public AdditiveWaitRetryStrategy (int numberOfRetries, long startingWaitTime, long waitTimeIncrement) {
    super(numberOfRetries);
    _currentTimeToWait = startingWaitTime;

    _waitTimeIncrement = waitTimeIncrement;

  }

  protected long getTimeToWait() {
    long returnValue = _currentTimeToWait;

    _currentTimeToWait += _waitTimeIncrement;

    return returnValue;
  }
}

The version of AbstractRemoteMethodCall used in this article is only slightly more complex than the code involved in RetryStrategy . Here it is:

import java.rmi.*;
import java.rmi.server.*;

public abstract class AbstractRemoteMethodCall
{
  public Object makeCall() throws ServerUnavailable, Exception {
    RetryStrategy strategy = getRetryStrategy();
    while (strategy.shouldRetry()) {
      Remote remoteObject = getRemoteObject();
      if (null==remoteObject) {
        throw new ServerUnavailable();
      }
      try {
        return performRemoteCall(remoteObject);
      }
      catch (RemoteException remoteException)
      {
        try {
          strategy.remoteExceptionOccured();
        }
        catch (RetryException retryException) {
          handleRetryException(remoteObject);
        }
      }
    }  
    return null;
  }

  protected abstract Remote getRemoteObject() throws ServerUnavailable;

  protected abstract Object performRemoteCall(Remote remoteObject) throws RemoteException, Exception;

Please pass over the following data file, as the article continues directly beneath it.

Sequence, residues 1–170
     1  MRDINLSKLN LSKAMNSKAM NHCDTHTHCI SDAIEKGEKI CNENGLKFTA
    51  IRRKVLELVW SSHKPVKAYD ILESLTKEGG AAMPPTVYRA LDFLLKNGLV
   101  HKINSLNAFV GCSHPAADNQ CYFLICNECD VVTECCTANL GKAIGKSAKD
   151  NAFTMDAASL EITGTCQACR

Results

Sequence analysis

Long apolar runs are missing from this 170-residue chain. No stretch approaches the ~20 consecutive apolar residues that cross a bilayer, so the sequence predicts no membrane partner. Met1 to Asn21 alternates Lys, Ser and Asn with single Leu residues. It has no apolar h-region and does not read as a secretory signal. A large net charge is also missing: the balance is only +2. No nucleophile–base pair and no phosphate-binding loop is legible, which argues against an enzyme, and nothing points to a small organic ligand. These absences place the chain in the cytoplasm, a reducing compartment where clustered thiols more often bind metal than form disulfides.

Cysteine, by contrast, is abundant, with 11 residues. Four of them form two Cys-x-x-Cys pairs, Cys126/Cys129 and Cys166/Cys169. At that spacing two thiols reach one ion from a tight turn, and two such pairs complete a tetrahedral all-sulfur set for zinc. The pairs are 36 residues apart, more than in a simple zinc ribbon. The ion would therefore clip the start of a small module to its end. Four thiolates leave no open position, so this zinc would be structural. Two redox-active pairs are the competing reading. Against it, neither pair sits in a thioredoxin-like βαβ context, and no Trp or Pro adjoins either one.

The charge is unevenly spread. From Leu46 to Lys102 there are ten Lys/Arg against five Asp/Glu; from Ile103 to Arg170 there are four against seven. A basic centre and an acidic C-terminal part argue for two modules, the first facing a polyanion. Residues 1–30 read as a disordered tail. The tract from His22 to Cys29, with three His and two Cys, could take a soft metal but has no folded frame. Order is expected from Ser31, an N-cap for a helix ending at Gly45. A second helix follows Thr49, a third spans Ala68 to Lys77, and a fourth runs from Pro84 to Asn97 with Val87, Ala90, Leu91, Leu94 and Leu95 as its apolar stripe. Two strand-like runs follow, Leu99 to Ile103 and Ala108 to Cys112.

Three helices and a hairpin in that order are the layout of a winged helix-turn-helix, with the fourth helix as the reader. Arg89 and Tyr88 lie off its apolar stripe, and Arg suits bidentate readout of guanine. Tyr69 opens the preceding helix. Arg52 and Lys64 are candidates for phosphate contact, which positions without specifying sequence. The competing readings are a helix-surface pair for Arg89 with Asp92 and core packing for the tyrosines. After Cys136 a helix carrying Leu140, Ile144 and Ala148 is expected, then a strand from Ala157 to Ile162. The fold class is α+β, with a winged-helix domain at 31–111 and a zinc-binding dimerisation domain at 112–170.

protected RetryStrategy getRetryStrategy() {
    return new AdditiveWaitRetryStrategy();
  }

  protected void handleRetryException(Remote remoteObject) throws ServerUnavailable {
    ExceptionLog.reportException("Repeated attempts to communicate with " + remoteObject + " failed.");
    throw new ServerUnavailable();
  }
}

Essentially, the makeCall method in AbstractRemoteMethodCall embodies the loop we wrote in section two, using four template methods to allow the code to be customized for a particular remote call. This is a fairly clean and straightforward use of the command object pattern.

There is one fly in the ointment: we've lost a fair amount of type information. makeCall is declared as returning instances of Object and throwing instances of Exception. There's no way around the fact that this is ugly -- it means our code will have to perform a cast on the value returned from makeCall and will use a try/catch block that catches instances of Exception. On the bright side, however, catch blocks rely on run-time type information rather than the statically declared exception types. Thus, for example, if we write code like this:

try {
  Word result = (Word) translateMethod.makeCall();
  resultText = result.toString();
}
catch (CouldNotTranslateException couldNotTranslateException) {
  resultText = COULD_NOT_TRANSLATE_STRING;
}
catch (Exception e) {
  resultText = e.toString();
}
finally {
  _resultsPanel.setText(resultText);
}

then if the server throws an instance of CouldNotTranslateException, _resultTextwill be set to COULD_NOT_TRANSLATE_STRING (even though makeCall isn't declared as throwing CouldNotTranslateException, the run-time type of the exception determines which catch block is actually used).

Pages: 1, 2, 3, 4